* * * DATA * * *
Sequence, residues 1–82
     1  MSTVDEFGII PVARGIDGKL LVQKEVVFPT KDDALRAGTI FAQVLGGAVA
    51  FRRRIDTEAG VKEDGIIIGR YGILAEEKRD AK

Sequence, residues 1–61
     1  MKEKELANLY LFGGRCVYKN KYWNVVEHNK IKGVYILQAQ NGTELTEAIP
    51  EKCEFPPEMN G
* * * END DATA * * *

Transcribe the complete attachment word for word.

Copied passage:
Sequence, residues 1–82
     1  MSTVDEFGII PVARGIDGKL LVQKEVVFPT KDDALRAGTI FAQVLGGAVA
    51  FRRRIDTEAG VKEDGIIIGR YGILAEEKRD AK

Sequence, residues 1–61
     1  MKEKELANLY LFGGRCVYKN KYWNVVEHNK IKGVYILQAQ NGTELTEAIP
    51  EKCEFPPEMN G